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Be Indian, buy 'Indian' -- seems like a lurch that way in the mobile handset business ( Main photo: courtesy MicroMax)
 
 
March of the 'Indian' mobile phone

Local brands Max, Micromax, Karbonn, Lava, Lemon & Spice take 14% revenue share from global biggies

Indians are discovering Indian mobile phones: In the last fiscal year, they increasingly bought handsets offered by Indian companies, giving the top seven local makers a 14 percent share by revenue of the total mobile handset market in the country. This is the most interesting finding in the annual Voice and Data 100 Indian Telecom Survey conducted by CyberMedia’s telecom journal. The previous survey put the Indian companies’ share are just around 4 percent.

The Indian brands included Micromax (4.1% handset market share by revenue), Spice (3.9%), Karbonn (3%), Lava (1.1%), Lemon (1%) and Max (0.9%). However their offerings are not made-in-India in the strict sense – like most handsets sold anywhere, they they are sourced from China or Taiwan but branded in India

Why this small but significant lurch from dominant global brands like Nokia?
“Low prices for perceived high-end features,” feels Voice&Data Chief Editor Prasanto K Roy. “You get all-QWERTY Blackberry look-alikes complete with trackball, and even dual-SIM phones, for Rs 5,000. We saw demand rising for dual-SIM phones last year, but the market leaders had few offerings there. And while Nokia has many low-cost models, they are relatively sparse on features.”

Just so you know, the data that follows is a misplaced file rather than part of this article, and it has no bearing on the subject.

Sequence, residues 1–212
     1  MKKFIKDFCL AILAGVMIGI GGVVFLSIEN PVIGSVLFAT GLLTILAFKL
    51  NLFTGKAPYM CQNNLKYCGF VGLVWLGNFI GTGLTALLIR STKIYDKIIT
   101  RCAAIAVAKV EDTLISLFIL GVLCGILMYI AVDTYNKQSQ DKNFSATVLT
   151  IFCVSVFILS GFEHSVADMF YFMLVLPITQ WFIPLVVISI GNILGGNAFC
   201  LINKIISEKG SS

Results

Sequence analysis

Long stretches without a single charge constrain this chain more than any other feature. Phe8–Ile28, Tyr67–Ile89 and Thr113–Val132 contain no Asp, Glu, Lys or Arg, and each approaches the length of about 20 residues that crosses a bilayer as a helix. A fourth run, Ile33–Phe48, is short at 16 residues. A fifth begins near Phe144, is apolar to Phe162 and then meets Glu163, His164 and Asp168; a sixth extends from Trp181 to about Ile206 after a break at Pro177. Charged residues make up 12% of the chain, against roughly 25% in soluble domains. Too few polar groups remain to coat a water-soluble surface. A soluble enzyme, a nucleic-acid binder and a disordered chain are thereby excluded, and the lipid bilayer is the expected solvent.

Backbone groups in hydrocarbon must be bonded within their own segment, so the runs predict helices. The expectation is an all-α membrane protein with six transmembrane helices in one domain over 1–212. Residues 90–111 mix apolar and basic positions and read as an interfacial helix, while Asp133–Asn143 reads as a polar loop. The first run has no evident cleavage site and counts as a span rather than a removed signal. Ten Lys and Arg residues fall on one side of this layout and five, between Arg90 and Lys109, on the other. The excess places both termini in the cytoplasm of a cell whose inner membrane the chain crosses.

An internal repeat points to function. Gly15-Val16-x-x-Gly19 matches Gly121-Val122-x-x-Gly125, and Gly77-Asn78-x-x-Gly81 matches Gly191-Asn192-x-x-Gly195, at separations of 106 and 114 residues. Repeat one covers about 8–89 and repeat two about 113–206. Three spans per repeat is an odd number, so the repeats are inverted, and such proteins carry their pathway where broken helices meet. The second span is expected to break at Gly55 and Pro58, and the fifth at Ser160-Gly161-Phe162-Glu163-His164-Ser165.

“Where they may fall short is in applications and functionality, user interface and experience, and, often, quality of construction, solidity and robustness,” Prasanto adds . “But with the short life cycles of handsets today, many buyers are willing to experiment.”

The mobile handset market grew 4.2% by revenue during FY 2009-10 (compared with 7.9% in 2008-09, and 11.9% in 2007-08). The low revenue growth hides the large numbers sold, but reflects the fact that most sales are of low-priced handsets, and that the average sale price been dropping each year.

Around 108 million mobile phones were sold in the country during 2009-10, adding up to Rs 270 billion in sales, up from Rs 259 billion the previous year.

The country added 192 million mobile subscribers in the fiscal. A large number of subscribers have more than one SIM card, and an increasing number use dual-SIM phones.
The Voice&Data100 annual survey on handset is based on the revenue of telecom equipment suppliers, including GSM and CDMA handset vendors.

Handset major Nokia remained the market leader with 52% share, despite a 15% revenue dip to Rs 141 billion (down from Rs 165.67 billion in 2008-09). The Finnish giant's share was gobbled up by the Indian-brand handsets, and by Samsung. Nokia launched 22 devices during the year, selling them though over 200,000 retail outlets across the country (with 45% in rural India), and supporting them with over 700 service centers across 400 towns and cities. But its services thrust diluted its focus on handsets.

Samsung remained the second largest handset vendor, with 17.4% market share, followed by LG at 5.9%. Sony Ericsson slipped last year, with very few options in the low- and mid-range handset segments. 

Footnote:  With 3G  services on offer ( BSNL is giving away free 3G SIMS to its landline customers in some metros) , there are hardly any 3G phones to be had --except in the premium category. Could this be the next wave of oppoprtunity for 'Indian' handsets?

June 26 2010